How much to travel the world? This post on our costs is way overdue…
To travel around the world was my childhood dream. The restlessness behind such a dream is one of the few personality traits that I share with my husband. We left Ireland in 1995 planning to spend “just a couple of years” living and working in the US before continuing onwards ever onwards. Fifteen years later, as I approached my 40th birthday and we considered high schools for our older son, our settled, normal life rankled.
How Much To Travel The World: Our Research
Our dream to travel for a year took shape slowly. We agreed to research costs. We postponed any decision-making until we had facts, in dollars and cents, to evaluate. The data posted by sixintheworld and 360degreeslongitude was invaluable. (The recent collation of real-life examples of RTW trip costs by jackandjilltravel.com is excellent). There is general consensus in these sources that $25,000 per person is a good baseline approximate cost for a year’s travel.
How Much To Travel The World: Itinerary Choices
To refine our budget further, we needed an itinerary. I read Tim Leffel’s excellent World’s Cheapest Destinations for ideas on where to go to make our money last longer. I pulled per-country budgeting guidelines from the Lonely Planet website and plugged the numbers into a spreadsheet. (Look under Practical Information/Costs for the country you’re interested in visiting. Here’s the entry for Thailand, for example). I used a per-country simple formula of:
(LP’s higher daily budget amount) * (number of days we planned to be in the country) * 4
and then summed that up across all the countries we planned to visit.
How Much To Travel The World: Our Budget
A copy of our initial budget lay on the table. We both stared at the rolled-up total, which came in at just under $80,000. We went back and forth on whether we should or should not go. The conversation ebbed and flowed over a number of days until we faced the decision which we’d probably really made the minute we had agreed to do the research. We had to go. Not to do so would leave a dream unfulfilled.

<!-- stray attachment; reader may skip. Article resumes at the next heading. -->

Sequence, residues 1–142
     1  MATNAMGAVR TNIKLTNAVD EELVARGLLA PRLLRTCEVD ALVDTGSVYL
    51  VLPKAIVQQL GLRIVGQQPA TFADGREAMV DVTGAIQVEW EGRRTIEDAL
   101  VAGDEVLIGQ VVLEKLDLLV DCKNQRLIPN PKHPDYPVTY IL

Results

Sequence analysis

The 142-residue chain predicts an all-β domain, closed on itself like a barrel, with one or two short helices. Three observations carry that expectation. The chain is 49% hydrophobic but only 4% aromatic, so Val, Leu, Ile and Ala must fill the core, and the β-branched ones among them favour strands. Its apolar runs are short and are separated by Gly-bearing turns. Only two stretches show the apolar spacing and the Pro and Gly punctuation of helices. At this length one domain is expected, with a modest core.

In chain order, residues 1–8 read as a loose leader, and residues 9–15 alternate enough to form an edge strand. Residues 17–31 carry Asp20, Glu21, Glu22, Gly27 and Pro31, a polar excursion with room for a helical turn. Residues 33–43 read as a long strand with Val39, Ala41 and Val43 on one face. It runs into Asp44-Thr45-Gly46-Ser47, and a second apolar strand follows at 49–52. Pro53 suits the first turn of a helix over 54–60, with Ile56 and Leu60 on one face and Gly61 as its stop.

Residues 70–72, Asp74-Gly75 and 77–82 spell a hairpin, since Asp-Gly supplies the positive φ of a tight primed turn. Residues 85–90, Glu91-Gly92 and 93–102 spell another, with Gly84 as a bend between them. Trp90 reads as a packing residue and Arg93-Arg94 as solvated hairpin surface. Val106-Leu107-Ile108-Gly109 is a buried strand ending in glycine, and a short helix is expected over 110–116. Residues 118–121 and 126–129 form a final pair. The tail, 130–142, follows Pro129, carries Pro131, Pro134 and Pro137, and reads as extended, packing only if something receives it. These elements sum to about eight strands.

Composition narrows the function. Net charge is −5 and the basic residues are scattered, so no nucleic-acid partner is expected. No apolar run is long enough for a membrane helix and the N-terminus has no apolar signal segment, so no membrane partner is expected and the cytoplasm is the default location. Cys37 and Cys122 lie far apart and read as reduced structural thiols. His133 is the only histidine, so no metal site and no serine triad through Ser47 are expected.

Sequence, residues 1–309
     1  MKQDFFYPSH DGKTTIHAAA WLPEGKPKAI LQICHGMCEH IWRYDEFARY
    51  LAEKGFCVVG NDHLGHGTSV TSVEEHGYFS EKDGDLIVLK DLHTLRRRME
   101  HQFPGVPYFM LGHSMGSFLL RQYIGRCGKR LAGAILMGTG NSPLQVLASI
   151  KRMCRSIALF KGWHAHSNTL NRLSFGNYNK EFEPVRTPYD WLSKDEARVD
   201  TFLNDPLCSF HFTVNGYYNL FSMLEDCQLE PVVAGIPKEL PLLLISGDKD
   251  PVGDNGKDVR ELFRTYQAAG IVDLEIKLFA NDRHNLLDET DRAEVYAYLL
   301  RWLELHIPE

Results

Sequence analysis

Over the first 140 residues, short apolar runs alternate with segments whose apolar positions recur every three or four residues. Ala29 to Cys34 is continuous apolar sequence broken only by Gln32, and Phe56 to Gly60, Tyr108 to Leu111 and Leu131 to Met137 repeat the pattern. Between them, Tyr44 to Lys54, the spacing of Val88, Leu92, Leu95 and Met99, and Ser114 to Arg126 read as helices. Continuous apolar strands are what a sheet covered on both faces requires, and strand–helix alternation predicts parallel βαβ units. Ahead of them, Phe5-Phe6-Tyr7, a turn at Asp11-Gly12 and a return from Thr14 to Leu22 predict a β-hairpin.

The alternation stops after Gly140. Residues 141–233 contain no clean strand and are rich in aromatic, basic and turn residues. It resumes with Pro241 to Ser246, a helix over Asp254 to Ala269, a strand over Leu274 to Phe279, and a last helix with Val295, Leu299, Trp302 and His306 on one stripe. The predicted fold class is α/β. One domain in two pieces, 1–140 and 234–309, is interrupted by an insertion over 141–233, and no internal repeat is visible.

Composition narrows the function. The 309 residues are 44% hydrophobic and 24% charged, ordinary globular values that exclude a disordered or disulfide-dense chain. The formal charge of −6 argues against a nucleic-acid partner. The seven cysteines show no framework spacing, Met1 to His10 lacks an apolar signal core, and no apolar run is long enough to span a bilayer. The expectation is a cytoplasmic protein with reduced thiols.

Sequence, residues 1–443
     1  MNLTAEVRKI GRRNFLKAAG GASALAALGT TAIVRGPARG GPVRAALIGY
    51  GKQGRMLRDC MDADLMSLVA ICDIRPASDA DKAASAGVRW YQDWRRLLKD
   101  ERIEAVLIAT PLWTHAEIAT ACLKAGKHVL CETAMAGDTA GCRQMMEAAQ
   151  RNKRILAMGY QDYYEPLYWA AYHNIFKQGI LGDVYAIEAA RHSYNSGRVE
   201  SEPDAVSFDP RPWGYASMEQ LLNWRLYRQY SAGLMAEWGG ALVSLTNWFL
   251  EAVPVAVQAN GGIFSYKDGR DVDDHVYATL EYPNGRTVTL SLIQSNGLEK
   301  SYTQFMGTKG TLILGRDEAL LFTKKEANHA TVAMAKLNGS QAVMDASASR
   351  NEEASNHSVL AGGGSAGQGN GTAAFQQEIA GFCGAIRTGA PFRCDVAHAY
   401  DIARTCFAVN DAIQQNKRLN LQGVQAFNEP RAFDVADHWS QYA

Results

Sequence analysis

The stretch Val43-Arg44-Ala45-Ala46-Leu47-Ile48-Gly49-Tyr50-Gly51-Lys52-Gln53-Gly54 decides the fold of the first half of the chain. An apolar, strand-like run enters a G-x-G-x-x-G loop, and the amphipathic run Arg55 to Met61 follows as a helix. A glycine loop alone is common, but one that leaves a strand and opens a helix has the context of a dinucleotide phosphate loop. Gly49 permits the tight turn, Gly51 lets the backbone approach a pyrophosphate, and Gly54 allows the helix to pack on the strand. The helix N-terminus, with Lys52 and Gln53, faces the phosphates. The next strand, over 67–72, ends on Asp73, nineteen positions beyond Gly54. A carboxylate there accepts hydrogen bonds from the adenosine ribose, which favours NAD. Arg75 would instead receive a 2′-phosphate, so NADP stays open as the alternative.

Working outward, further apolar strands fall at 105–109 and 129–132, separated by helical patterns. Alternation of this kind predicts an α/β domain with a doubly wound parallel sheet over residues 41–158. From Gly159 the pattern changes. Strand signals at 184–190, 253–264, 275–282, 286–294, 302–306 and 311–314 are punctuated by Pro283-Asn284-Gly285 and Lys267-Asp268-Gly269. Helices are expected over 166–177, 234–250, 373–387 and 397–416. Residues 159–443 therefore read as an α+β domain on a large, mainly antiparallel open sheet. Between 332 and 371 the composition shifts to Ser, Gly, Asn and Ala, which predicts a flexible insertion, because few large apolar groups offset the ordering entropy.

The decision to make this trip required that we plunder our savings and home equity. Or what was left of them since we’d already seen our savings decimated twice: once with the dot-com crash and again with the market implosion of 2008-2009. Deciding to spend what we had left before it too disappeared was perversely, an easy decision.
Taking this trip is a huge gamble. We’re betting that once we return to Seattle we will be able to get work and continue working for another 30 years to rebuild retirement savings. That we’ll likely need to work past normal retirement age is a price we’re OK with paying for an unforgettable, once-in-a-lifetime experience.
How Much To Travel The World: Our Actual Costs
* Flights have been our single biggest cost. We chose not to buy a RTW ticket, preferring instead to travel overland as much as possible and buy point-to-point tickets as necessary (i.e. to jump oceans). Total cost per person: $3,200.
* We’ve scheduled (and may add) a limited number of Big Ticket Experiences, roughly one per continent: the Inca Trail Hike and the Gibbon Experience so far. Next week the boys will be doing a one-week scuba certification course. I’ll add the total spent when the trip is over.
* Our Daily Budget is $150 to cover food, transportation and accommodation for all four of us. This is easier to keep to in some countries (Thailand, Ecuador) than others (Chile). As I add per-country pages to this website, I’ll include the actual average daily cost – see the Ecuador page for example.
Photo Credit: LiteForex